With less than two weeks to go before New Hampshire votes, and less than four weeks before Maryland votes, polls suggest the formal Democratic candidates are not convincing citizens they are of presidential stature.
In New Hampshire, the latest daily tracking poll by the American Research Group shows Gov. Bill Clinton ahead of the weak field with 37 percent, with "undecided" second at 23. Nationally, according to a Los Angeles Times poll, "undecided" is just ahead of Governor Clinton, 34-31 percent. In Maryland, "undecided" is leading Governor Clinton by a whopping 48 percent to 24 percent, according to the Mason-Dixon poll.
After several weeks of intense campaigning, such a result is a vote of no-confidence in the campaigners. Is it any wonder a search for alternatives has begun, including a serious Draft Cuomo movement? Another polling organization in New Hampshire, the Sawyer-Miller Group, included Governor Cuomo on its latest ballot. He finished in a virtual first-place dead heat with Governor Clinton and former Sen. Paul Tsongas. This is not surprising. He was leading in New Hampshire polls till he announced he wouldn't run.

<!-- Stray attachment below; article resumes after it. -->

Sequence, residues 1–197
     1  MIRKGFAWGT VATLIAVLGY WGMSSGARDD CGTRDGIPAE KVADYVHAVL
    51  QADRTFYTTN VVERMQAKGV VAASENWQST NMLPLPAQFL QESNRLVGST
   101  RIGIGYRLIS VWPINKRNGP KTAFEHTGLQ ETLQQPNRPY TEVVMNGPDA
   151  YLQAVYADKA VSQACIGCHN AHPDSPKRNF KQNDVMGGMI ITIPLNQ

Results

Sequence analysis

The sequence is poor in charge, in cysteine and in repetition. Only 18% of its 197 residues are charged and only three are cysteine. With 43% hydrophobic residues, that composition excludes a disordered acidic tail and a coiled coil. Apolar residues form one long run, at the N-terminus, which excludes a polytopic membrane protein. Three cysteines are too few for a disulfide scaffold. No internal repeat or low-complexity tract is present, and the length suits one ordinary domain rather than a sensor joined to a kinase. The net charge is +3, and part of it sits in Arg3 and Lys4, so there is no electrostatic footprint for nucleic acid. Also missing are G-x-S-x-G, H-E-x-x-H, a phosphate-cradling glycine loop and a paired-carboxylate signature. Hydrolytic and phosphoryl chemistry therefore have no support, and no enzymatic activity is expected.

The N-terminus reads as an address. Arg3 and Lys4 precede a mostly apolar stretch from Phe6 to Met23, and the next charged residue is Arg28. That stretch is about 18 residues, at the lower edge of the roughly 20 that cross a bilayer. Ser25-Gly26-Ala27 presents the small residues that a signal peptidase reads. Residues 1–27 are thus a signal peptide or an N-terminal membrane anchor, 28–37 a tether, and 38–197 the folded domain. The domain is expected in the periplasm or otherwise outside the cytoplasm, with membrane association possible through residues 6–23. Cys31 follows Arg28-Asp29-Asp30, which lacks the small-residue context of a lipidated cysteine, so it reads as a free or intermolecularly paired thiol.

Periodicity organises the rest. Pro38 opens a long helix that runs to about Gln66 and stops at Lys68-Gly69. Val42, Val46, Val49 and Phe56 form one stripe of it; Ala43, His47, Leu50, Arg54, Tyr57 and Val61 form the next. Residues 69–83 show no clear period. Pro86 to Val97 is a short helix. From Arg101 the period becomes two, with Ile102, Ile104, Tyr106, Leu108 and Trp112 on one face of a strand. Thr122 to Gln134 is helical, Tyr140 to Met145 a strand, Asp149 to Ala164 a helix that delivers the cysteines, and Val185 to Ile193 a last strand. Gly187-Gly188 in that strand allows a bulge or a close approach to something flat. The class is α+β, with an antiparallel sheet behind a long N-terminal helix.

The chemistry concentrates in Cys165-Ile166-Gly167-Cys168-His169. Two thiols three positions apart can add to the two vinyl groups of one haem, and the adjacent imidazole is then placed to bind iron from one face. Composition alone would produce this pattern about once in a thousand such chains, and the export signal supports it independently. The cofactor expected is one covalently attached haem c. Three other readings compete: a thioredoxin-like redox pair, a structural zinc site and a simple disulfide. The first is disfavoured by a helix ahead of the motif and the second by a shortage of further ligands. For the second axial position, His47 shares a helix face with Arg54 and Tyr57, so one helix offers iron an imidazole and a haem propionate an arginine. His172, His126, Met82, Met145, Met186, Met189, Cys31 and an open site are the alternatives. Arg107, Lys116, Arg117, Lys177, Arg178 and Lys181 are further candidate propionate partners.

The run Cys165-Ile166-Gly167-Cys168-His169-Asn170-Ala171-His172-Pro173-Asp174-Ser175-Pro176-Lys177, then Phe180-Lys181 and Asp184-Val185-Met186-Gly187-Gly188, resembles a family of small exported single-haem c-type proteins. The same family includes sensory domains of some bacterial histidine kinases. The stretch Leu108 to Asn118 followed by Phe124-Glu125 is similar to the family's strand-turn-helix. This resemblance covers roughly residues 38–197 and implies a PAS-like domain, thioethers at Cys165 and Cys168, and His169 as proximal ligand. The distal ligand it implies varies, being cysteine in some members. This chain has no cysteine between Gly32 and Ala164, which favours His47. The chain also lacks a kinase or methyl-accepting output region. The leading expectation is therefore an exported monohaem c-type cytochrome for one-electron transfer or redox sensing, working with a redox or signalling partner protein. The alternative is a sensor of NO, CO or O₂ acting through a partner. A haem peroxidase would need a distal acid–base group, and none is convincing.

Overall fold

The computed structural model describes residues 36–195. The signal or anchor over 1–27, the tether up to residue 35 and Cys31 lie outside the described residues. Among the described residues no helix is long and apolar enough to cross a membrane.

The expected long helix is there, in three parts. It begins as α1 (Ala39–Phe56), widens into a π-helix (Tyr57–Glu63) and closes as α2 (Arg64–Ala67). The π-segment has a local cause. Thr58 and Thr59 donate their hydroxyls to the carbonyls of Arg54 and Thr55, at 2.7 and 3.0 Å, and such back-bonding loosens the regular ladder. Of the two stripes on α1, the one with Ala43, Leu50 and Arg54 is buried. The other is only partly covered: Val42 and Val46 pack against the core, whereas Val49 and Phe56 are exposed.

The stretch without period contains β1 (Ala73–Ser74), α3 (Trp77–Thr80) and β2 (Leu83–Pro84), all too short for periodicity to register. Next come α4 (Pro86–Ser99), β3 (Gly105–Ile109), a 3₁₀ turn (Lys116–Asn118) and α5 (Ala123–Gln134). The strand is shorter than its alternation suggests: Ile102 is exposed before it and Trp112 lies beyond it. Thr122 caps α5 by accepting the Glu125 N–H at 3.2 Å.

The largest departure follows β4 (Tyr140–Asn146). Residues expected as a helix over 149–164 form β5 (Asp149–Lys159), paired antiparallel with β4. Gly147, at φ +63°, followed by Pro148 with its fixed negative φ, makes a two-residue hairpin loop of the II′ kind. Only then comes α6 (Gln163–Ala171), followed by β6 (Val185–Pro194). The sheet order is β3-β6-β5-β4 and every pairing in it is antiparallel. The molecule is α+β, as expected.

Governor Cuomo was also leading in the polls in Maryland until he announced he would not run. He presumably is still more popular here than the announced candidates. But write-in candidacies are prohibited in Maryland primaries. The U.S. Fourth Circuit of Appeals ruled in a Maryland case in 1989 that write-in voters have broad First Amendment rights in general elections, but the state takes the position that it may still forbid primary write-ins, and until a court or the legislature says otherwise, it will.
So Maryland Democrats who want to support Governor Cuomo or any candidate other than those listed on the ballot will be unable to do so March 3. If New Hampshire's results make Maryland's ballot a list of unlikely nominees, the impact of the primary here will be less than expected.
Maryland Democrats who want some other presidential nominee will have to work indirectly through their "super-delegates" -- officeholders, party officials -- who are not chosen on the basis of the primary vote. They, along with super-delegates from other states, may, if the primary season proves inconclusive, end up with the power to decide the nomination at the national convention.